Child Arrangements post-divorce are a challenging time for all parties involved – no more so than the children who are or at least should be, at the centre of focus for the separating families.
Too often we hear of warring ex-couples, of children ‘caught in the middle’ and of legal fees amounting into thousands. As a society, we’ve recently noticed that male suicide is high, that relationship breakdown is one of the main contributing factors, and that debt is another main contributing factor. Now we need to join the dots and remember that family breakdown and legal fees are one of the main causes of debt.
I’m not interested in preventing family breakdown – that’s not my area of expertise. And I’m not talking about family units or divorce rates, or the sanctity of marriage (or otherwise). I’m interested in preventing the problems after; in the entirely avoidable shit-fest that is legal wrangling, adversarial warring, and subsequent mental health problems. It’s hard work getting used to your own company after separation.
We have a family breakdown aftercare crisis and very few people are recognising this or doing anything about it.
One organisation in Kent, UK – Dads Unlimited, with whom I have worked, has been working on both cure and prevention with an advice & support service to help deal with problems, and a co-parenting workshop and programme to try and prevent child arrangements problems from happening in the first place.
The advice and support service includes a helpline and email helpdesk to provide any single parent (Mums or Dads) who need assistance in managing their child arrangements with their ex-partner or in navigating the complex family law system.
The Co-Parenting Success Programme is a workbook and workshop that works through awareness, perspective, communication tools, and helps to build a framework for successful co-parenting which, when taken on board, will minimise negativity and de-escalate conflict long before it can take hold. Even if only one parent from the separated couple attends, the communication tools alone can help reduce conflict and anxiety which in turn can produce a more beneficial environment in which the child or children can grow up.
People often ask what is the one simple thing that they could do to reduce conflict in separated families, and from working on the Co-Parenting Programme I would say there is no one simple trick, but to become more aware, to have greater perspective, and to understand communication will definitely have an impact and will help produce positive child arrangements which in turn will help your children to thrive in an environment that feels very alien to them.
However, there is always one challenging question which I ask of all people involved in the system – and not because I believe in one answer or another – there is no right or wrong answer, and the best solution will be different for each family. But it’s important to ask it in order to get people thinking.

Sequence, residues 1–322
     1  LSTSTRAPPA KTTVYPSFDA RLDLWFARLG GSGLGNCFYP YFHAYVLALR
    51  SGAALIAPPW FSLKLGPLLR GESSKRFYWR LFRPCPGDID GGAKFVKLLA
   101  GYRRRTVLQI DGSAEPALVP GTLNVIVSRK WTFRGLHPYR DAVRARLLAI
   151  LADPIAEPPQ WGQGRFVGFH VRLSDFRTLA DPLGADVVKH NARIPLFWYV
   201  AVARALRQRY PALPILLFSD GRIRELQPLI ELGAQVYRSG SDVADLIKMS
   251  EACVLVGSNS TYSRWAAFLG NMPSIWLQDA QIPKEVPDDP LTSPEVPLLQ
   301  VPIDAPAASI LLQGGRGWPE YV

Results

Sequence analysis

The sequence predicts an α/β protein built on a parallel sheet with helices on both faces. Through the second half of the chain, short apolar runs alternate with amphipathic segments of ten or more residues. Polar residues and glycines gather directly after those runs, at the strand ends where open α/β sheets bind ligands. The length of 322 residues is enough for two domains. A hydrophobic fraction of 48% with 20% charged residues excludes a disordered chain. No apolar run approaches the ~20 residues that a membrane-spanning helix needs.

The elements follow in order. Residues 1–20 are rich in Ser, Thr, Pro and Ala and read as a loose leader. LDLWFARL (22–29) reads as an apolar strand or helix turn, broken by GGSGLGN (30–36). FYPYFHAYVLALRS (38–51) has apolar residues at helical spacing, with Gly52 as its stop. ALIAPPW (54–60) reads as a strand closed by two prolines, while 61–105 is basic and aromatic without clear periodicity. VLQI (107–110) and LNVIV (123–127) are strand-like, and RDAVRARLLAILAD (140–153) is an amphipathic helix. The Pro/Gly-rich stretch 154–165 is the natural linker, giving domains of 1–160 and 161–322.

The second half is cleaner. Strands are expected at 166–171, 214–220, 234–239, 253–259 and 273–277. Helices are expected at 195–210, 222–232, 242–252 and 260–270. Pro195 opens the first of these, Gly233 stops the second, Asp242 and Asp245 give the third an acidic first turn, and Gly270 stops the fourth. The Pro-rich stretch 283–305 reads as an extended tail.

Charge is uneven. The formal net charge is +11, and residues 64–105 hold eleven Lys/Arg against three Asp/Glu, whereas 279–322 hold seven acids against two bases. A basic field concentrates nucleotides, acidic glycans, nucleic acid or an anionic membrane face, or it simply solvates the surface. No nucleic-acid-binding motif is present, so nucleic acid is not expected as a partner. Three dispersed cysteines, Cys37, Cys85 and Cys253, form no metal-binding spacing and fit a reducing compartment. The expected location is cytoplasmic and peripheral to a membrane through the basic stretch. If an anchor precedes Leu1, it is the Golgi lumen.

Why not 50:50 shared care child arrangements for your child?
Why not 50:50 shared care? Why can’t your children spend half the time with one parent and half the time with their other parent? What are the reasons why each parent cannot contribute to equal parenting time?
The answers may be due to distance from school, work may keep one parent too far away, employers may not offer the flexibility required to accommodate collections and drop-offs to school.
Too often though, I hear that “children are better off with mum” with no explanation of why that is, or no rational explanation, just an inherent societal belief that’s based on an outdated patriarchal system of men being the main salary earners.
Yes sometimes, Dads are not suitable joint carers for their children. Yes sometimes Dads need a lot of help to step up to the mark – but no parent should be written off and that’s why a programme like Mellow Dads was important.
We’ve looked before at whether Kids or Men ruin Women’s careers, and discovered that it’s society that needs to change to allow parenting to take place whether separated or not.
There may be some very good reasons why a 50:50 shared care child arrangements cannot work in your unique situation, and with your specific constraints, but it’s important to ask. It’s important not to start from the wrong end of an assumption.
One of the (many) problems with family law negotiations is that we end up somewhere near the half-way point of two positions – one normally far more extreme than the other.
Agreeing on Child Arrangements is like negotiation 101 where on a scale of one to ten, Parent A says the answer is 1 and Parent B wants a 5. The case gets settled at 2.5 and Parent A hasn’t had their position challenged and Parent B ends up with a less than fair child arrangements.
The child or children who should be at the centre of focus are lost in a system that financially motivates Resident Parents to restrict overnight contact with their ex.
But it doesn’t have to be like this. There is no silver bullet. We simply need to challenge ingrained beliefs and subconscious assumptions about sex and parenting.
I challenge all separating families, all family mediators, all family law solicitors, barristers, the Magistrates, and the District Judges alike to consider it from a different start point: Why not 50:50 shared care child arrangements for your child? Tell me.